Aboriginal stone tools dating back 8,500 years discovered off the coast of Western Australia mark out the sites of two ancient settlements submerged underwater since the last ice age
- Divers found two underwater Aboriginal sites off the coast of Western Australia
- Were once above sea level but later submerged after the end of the last ice age
- One site is believed to be 8,500 years old and the other around 7,000 years old
- Hundreds of artefacts were found, including stone tools used by humans
Two previously unknown Aboriginal sites have been discovered off the coast of Western Australia.
Archaeologists found stone tools and evidence of human habitation off the Pilbara coast – the first Aboriginal sites to be discovered underwater.
The ancient settlements were once on terra firma but became submerged as sea levels surged in the aftermath of the last ice age.
Pictured, images and scans taken of one of the artefacts found by the archaeologists. This is believed to be a stone tool used by Aboriginals around 7,000 years ago
One site had hundreds of atefacts, but the other site, at Flying Foam Passage (pictured), yielded just one artefact (left). It is believe more artefacts are likely hidden at this site
Divers found the two underwater sites through a series of surveys in the Dampier Archipelago.
The sites, at Cape Bruguieres and Flying Foam Passage, may provide insight into the Aboriginal way of life from when the seabed was dry land, researchers hope.
Modern-day Aboriginals still consider these marine environments to be sacred and they are now known as ‘Sea Country’.
Chelsea Wiseman, who has been working on the project as part of PhD research at Flinders University, said: ‘At one point there would have been dry land stretching out 160 km [100miles] from the current shoreline.
‘That land would have been owned and lived on by generations of Aboriginal people.
‘Our discovery demonstrates that underwater archaeological material has survived sea-level rise, and although these sites are located in relatively shallow water, there will likely be more in deeper water offshore.’
The divers mapped 269 artefacts, including tools and grinding stones, at Cape Bruguieres in shallow water around 7.8ft (2.4 metres) below modern sea level.
Radiocarbon dating and analysis of sea-level changes show the site is at least 7,000 years old, the researchers say.
This image shows a selection of artefacts found at Cape Bruguieres (top) and where they were found underwater (bottom)
Tiny rock art found in an Australian cave may have been made by CHILDREN using beeswax stencils
Incredibly rare pieces of tiny Neolithic rock art found in a shallow Australian cave were made by creating tiny stencils out of beeswax, researchers have concluded.
Located in the Yilbilinji rockshelter in northern Australia’s Limmen National Park, miniature stencils of this type are only known from two other sites across the globe.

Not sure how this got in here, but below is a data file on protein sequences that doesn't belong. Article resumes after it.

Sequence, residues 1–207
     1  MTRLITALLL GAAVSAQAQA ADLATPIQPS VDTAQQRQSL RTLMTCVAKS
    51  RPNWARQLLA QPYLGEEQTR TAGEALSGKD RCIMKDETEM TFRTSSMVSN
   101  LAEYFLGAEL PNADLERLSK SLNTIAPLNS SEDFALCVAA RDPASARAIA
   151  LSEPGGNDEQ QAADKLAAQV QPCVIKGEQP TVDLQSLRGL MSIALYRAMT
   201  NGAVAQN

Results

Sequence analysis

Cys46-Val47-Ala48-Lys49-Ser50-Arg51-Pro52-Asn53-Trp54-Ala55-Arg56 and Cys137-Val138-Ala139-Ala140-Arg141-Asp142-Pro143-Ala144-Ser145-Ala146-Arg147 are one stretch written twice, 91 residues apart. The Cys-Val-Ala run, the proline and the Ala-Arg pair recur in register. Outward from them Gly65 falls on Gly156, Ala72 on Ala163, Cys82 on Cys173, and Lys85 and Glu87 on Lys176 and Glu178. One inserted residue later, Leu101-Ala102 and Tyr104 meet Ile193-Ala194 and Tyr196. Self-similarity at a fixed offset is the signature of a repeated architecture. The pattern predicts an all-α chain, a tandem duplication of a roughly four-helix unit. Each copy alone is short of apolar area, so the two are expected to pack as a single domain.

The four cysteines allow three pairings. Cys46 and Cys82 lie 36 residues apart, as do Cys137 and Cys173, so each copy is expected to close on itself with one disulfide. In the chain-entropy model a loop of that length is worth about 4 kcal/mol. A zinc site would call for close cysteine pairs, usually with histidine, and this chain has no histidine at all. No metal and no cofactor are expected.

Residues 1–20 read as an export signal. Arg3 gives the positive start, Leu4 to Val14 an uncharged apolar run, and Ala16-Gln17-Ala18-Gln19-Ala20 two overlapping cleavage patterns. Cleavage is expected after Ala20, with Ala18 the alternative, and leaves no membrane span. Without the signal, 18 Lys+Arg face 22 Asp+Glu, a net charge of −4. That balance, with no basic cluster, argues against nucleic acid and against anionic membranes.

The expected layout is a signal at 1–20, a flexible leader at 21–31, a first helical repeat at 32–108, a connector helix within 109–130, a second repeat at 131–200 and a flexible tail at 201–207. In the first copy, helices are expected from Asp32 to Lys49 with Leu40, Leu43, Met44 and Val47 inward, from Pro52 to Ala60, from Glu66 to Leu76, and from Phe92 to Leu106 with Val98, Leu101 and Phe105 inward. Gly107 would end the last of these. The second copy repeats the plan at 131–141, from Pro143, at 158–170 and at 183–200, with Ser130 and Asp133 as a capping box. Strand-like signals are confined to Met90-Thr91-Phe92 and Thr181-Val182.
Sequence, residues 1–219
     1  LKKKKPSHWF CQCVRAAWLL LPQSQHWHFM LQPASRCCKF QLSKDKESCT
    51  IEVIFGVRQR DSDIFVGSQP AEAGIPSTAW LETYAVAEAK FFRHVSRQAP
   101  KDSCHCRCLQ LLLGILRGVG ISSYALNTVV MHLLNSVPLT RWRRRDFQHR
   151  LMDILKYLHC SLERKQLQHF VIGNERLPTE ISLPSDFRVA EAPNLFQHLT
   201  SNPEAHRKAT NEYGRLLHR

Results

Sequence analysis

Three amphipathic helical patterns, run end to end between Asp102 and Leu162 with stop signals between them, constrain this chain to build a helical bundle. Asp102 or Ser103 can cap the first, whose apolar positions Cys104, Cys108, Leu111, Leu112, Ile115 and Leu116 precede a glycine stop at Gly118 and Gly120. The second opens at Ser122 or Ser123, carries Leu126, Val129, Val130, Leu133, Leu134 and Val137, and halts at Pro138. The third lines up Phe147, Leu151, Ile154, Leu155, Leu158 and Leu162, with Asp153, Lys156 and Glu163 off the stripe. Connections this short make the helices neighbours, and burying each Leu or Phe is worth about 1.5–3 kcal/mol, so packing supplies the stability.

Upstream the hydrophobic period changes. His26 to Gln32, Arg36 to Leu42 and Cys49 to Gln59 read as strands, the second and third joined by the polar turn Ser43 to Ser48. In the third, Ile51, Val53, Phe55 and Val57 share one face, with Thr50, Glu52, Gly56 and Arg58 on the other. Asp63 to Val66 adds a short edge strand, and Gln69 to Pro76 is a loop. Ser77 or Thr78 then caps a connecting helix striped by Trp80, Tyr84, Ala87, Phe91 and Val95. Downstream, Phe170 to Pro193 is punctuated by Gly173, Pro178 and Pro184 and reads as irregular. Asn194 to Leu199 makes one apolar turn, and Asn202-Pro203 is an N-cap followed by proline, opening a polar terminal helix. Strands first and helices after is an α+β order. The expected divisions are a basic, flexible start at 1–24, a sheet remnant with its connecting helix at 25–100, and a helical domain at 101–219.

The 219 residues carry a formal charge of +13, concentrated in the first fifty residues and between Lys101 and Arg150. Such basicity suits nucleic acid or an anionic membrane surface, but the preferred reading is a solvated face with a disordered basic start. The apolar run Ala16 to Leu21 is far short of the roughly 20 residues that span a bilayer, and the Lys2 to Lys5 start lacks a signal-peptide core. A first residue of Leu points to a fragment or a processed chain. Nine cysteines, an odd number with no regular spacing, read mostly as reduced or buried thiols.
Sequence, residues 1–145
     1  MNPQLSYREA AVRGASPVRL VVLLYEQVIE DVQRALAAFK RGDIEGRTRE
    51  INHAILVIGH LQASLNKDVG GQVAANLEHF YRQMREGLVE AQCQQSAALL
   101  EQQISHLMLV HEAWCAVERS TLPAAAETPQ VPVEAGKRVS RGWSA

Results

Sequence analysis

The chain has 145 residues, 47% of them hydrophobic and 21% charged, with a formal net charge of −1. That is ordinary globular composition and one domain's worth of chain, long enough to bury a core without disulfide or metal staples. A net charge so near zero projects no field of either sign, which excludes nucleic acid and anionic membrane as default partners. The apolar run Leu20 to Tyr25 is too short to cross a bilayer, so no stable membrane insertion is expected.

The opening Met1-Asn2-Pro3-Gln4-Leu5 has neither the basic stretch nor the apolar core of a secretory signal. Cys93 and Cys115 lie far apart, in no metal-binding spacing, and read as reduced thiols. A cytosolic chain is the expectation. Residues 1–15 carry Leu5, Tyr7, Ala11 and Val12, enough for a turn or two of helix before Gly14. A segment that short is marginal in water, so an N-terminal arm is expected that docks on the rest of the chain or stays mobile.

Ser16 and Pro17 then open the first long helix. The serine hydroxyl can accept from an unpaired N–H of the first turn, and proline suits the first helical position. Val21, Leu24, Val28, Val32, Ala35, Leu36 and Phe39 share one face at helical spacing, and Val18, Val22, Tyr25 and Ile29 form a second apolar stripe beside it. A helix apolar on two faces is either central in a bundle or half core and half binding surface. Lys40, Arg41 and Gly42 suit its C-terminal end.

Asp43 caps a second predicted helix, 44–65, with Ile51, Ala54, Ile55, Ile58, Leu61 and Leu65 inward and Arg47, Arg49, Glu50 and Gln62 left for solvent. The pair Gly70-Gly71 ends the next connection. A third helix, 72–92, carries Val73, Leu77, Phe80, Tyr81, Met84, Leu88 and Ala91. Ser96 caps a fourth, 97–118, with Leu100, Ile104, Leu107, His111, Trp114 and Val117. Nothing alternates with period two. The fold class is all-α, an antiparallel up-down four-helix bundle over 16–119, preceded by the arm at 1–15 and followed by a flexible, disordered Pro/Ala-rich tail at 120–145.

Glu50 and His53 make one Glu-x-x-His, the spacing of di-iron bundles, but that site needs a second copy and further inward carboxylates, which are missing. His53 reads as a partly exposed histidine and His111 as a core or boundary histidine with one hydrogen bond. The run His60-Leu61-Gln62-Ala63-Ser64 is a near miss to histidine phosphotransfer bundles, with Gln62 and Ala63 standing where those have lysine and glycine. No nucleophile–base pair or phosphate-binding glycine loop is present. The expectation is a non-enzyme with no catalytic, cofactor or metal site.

Although the site — traditionally owned by the Marra Aboriginal people — has been known for decades, the tiny art was only documented in 2017.
Each of the images is less than 4.7 inches (12 centimetres) in length.
Incredibly rare pieces of tiny Neolithic rock art found in a shallow Australian cave, pictured, were made by creating tiny stencils out of beeswax, researchers have concluded
The second site at Flying Foam Passage includes an underwater freshwater spring 46 feet (14 metres) below sea level. This site is estimated to be at least 8,500 years old.
However, the true age of the sites could be even older, as the dating techniques only provide a minimum age.
Associate Professor Jonathan Benjamin, of Flinders University in Australia, said: ‘Australia is a massive continent but few people realise that more than 30 per cent of its land mass was drowned by sea-level rise after the last ice age.
‘This means that a huge amount of the archaeological evidence documenting the lives of Aboriginal people is now underwater.
‘Now we finally have the first proof that at least some of this archaeological evidence survived the process of sea level rise.
The research team used computer models to predict where these sites most likely would be and probed possible locations with various underwater and remote sensing techniques.
They were then investigated by a team of expert archaeologists.
The research team say that the discovery of the sites emphasises the need for stronger legislation to protect and manage underwater heritage in Australia.
Experts say there are up to two million square kilometres of submerged land which was once above sea level and it may provide major insights into human history.
Dr Benjamin added: ‘The ancient coastal archaeology is not lost for good; we just haven’t found it yet.
‘These new discoveries are a first step toward exploring the last real frontier of Australian archaeology.’
The findings were published in the journal PLOS One.
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